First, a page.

And then there was the anxiety. As you can imagine the anxiety felt by the Ganz family, as well as those of us who knew Marty. But there was another kind of anxiety as well. I have never shared this in 25 years, but there was a sort of hyper tension that bordered on fear that followed for at least two days. Virtually all of us felt it, even those that weren’t on duty that night. The brass doubled us up into Adam (2 man) units, and for the most part kept us in the station for those two days. I was paired with one of the toughest guys in our department, and I remember sitting in the patrol car in the El Porto lot when he shared that he was feeling this anxiety. It helped to know that I was not the only one who was thinking, “if they could get Marty, they could get any of us”.

Yes, Marty was all the things said in these reflections. He was truly a good guy, and he was my friend and partner. I would love to tell you about the funny stuff he did at Sizzler Steak House and elsewhere, but that will have to wait for a day of happier reflections. On this 25th anniversary of that terrible night I have said what I needed to say, rather than what I wanted to say.

Yes, if only life were linear, if only he turned right instead of left, if only Marty had called a “10-31” (ice cream run) instead.
God bless you who still put on the badge. Please take to heart the words of this old retired FTO and do your best to avoid the falling dominoes. You need to go home safe. Safe for your families, for your coworkers, and for the rest of us who are so sad to watch the statistics climb each year.

Officer (ret.) Steve Caros
Manhattan Beach Police #200

December 28, 2018

R.I.P. Brother. Good thoughts and prayers for you, your family, and Department.

T. Milliman
LASD, Class #255

December 27, 2018

Rest In Peace Martin. Your dedication to service and sacrifice has not been forgotten. As a police explorer, I remember your tireless commitment and genuine kindness.

Arleen Franks-Elseroad
Buena Park Police Explorers

December 27, 2018

I remember when this happened.
Can't believe it's been 25 years.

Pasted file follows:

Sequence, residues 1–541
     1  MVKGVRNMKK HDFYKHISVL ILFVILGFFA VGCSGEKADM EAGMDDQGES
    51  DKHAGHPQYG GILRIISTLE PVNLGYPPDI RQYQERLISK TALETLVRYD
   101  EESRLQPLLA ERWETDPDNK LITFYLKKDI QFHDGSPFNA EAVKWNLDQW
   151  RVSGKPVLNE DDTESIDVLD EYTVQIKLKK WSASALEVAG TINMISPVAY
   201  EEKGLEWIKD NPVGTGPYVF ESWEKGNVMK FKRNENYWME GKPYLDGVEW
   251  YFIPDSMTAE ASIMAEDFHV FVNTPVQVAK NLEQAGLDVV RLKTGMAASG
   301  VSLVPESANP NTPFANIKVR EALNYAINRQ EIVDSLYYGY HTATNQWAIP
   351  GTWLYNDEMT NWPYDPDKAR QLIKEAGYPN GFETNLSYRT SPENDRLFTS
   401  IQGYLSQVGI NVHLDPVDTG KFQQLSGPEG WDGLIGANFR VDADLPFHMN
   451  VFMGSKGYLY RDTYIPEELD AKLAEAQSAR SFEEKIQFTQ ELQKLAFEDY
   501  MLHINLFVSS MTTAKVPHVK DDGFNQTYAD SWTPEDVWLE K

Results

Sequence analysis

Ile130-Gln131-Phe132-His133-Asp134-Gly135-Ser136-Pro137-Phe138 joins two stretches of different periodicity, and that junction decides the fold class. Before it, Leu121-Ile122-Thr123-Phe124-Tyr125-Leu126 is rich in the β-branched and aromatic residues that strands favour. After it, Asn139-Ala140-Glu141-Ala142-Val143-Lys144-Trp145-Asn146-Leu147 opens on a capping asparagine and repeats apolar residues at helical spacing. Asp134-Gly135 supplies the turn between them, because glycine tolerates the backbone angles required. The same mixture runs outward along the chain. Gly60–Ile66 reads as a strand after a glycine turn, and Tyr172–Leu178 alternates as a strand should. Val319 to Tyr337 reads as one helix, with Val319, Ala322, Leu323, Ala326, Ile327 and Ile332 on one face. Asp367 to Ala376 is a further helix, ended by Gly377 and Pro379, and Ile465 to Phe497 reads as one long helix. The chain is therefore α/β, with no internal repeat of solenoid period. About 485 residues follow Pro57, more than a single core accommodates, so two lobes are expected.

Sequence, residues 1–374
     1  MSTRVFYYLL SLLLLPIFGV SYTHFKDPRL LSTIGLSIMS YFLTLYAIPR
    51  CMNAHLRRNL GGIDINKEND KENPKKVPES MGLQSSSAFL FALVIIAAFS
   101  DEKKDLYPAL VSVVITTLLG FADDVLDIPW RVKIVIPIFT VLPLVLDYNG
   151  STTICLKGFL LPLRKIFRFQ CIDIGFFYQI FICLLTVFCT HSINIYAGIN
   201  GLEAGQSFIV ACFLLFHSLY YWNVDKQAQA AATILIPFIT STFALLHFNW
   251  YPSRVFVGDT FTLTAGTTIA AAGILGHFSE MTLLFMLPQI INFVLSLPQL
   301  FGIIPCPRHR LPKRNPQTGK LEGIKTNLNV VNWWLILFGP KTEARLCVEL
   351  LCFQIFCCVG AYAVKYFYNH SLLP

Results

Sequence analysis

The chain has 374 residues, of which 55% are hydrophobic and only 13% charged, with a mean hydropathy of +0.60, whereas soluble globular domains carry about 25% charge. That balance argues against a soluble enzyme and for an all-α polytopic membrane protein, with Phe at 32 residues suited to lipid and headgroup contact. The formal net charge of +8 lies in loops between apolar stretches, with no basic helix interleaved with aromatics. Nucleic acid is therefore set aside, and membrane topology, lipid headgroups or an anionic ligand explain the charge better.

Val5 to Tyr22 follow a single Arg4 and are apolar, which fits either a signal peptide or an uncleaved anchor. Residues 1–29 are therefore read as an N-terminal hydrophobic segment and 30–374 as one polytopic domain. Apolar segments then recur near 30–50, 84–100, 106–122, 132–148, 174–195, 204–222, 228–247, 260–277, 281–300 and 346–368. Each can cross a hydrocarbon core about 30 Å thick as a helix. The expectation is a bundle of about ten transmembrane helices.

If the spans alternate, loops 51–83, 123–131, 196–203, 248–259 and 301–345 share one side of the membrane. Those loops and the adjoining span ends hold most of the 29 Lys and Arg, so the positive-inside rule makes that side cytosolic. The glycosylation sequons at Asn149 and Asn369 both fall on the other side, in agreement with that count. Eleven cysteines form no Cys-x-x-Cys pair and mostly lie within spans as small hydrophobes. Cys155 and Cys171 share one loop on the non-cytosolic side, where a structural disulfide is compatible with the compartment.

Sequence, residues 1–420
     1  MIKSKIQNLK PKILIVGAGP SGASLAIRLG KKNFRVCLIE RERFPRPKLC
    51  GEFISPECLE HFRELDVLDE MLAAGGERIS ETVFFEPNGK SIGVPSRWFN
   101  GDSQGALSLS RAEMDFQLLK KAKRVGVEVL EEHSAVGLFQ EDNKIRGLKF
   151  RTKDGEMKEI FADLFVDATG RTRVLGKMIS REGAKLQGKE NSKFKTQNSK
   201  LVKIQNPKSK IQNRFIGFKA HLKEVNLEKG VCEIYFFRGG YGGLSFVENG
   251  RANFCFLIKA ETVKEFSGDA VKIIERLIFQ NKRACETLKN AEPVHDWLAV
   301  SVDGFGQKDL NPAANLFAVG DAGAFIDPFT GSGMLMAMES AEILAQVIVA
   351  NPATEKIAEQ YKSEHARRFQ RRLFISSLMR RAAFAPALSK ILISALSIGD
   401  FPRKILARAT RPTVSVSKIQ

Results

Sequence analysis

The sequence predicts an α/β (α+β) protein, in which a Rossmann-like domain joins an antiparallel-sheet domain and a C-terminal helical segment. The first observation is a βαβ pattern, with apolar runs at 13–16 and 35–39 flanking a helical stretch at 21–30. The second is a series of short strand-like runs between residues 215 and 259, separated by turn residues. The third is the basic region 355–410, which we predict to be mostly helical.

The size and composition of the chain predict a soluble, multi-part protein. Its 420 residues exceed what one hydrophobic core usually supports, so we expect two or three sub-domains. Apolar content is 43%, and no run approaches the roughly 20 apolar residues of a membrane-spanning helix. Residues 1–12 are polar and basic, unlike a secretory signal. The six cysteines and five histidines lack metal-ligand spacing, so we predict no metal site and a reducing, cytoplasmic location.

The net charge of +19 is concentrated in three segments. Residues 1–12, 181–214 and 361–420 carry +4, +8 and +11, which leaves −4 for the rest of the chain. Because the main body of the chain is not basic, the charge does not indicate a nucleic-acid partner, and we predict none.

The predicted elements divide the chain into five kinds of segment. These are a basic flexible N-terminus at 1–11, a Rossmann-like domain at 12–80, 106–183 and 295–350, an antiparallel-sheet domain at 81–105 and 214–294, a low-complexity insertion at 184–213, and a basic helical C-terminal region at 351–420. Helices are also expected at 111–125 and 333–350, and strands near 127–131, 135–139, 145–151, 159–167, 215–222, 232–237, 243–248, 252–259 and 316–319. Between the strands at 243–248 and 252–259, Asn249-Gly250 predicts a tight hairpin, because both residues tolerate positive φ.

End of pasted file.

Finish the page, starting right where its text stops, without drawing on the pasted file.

Never forgot Officer Ganz's name.
So heartbreaking.
RIP

Anonymous
Grateful civilian

December 27, 2018

Thank you for protecting and serving. On the 25th anniversary, I am holding my boyfriend extra tight - he is a marine and police officer too. Thank you and Merry Christmas to you and the big man upstairs.

Sonia

December 27, 2018

Officer Ganz,
On today, the 25th anniversary of your death I would just like to say thank you for your service and sacrifice-not just for your Community but for our Country as well when you served with the USMC. And to your Family and loved ones, I wish to extend my deepest sympathy.

Semper Fi Devil Dog!
A fellow LEO;former Marine

Anonymous
United States Border Patrol

December 27, 2018

You were our hero and our friend. Always in our hearts and never never forgotten.

Stephanie Robinson
Mother of LASD Sergeant

July 25, 2018

You are always remembered in the South Bay community and elsewhere for your sacrifice.

Deputy Sheriff LASD

December 27, 2017

Rest In Peace Brother. Thank you for your sacrifice and service.

Officer Mike Robinson, (Ret)
Upland Police Dept. CA

December 27, 2017

I Remember Officer Martin L. Ganz like it was Yesterday, Martin and I Attended The North Orange County Reserve Police Academy
(N.O.C.R.P.A. ) Class # 24 back in the early 80's

I Was So Shocked To Here About His Death ! I Will Never Forget About The Good Times We Had Riding Dirt Bikes In The Desert And Shooting Our H.K.'s .

Rest In Peace Officer Ganz Never Forgotten !!

Michael R. Jacobus
Homicide Detective ( Retired C.P.D. )

Homicide Detective ( Retired )
Chicago Police Department

June 10, 2017